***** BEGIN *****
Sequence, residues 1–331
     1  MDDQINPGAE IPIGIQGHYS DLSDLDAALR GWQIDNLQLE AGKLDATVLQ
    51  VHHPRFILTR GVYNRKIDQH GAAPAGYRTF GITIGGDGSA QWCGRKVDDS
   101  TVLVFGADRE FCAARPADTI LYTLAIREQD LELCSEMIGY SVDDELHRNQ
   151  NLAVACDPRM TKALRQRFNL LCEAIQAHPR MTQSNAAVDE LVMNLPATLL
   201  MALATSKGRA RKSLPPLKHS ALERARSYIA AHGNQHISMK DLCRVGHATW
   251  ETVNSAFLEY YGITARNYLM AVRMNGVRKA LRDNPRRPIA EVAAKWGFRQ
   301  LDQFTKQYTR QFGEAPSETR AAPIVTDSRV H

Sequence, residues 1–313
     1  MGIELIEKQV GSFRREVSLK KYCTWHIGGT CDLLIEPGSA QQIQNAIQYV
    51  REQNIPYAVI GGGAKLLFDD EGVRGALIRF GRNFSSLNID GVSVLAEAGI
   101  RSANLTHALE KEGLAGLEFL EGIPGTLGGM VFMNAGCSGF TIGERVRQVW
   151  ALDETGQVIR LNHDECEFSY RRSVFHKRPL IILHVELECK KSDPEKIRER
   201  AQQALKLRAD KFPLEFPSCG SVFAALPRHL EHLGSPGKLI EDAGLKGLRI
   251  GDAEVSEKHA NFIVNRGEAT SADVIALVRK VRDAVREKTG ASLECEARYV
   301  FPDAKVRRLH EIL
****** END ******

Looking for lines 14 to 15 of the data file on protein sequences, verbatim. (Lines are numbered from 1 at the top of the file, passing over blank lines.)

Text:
   201  AQQALKLRAD KFPLEFPSCG SVFAALPRHL EHLGSPGKLI EDAGLKGLRI
   251  GDAEVSEKHA NFIVNRGEAT SADVIALVRK VRDAVREKTG ASLECEARYV